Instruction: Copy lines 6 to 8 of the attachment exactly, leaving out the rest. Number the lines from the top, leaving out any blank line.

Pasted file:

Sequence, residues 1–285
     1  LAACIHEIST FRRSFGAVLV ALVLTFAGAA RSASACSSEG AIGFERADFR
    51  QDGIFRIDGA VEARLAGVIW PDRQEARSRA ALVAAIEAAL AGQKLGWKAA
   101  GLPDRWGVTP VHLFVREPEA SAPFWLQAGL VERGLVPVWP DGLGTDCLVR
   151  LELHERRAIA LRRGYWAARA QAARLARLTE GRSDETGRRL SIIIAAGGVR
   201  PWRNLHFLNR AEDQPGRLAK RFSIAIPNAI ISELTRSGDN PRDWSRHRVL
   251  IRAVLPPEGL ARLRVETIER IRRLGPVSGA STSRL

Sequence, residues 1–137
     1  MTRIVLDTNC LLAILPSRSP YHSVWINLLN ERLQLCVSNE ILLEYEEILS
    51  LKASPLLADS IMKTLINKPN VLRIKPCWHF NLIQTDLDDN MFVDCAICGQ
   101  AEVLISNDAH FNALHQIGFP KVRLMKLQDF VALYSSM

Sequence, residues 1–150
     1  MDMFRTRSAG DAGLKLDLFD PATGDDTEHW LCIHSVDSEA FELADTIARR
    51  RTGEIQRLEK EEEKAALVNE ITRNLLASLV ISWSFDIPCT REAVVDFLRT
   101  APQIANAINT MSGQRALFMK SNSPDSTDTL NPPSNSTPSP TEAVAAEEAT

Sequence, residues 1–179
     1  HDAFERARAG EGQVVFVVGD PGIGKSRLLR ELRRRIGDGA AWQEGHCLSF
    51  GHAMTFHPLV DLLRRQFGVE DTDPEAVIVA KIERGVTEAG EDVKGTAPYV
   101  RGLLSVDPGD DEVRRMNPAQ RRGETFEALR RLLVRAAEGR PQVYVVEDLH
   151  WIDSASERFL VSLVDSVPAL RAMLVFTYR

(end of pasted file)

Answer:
   201  PWRNLHFLNR AEDQPGRLAK RFSIAIPNAI ISELTRSGDN PRDWSRHRVL
   251  IRAVLPPEGL ARLRVETIER IRRLGPVSGA STSRL

Sequence, residues 1–137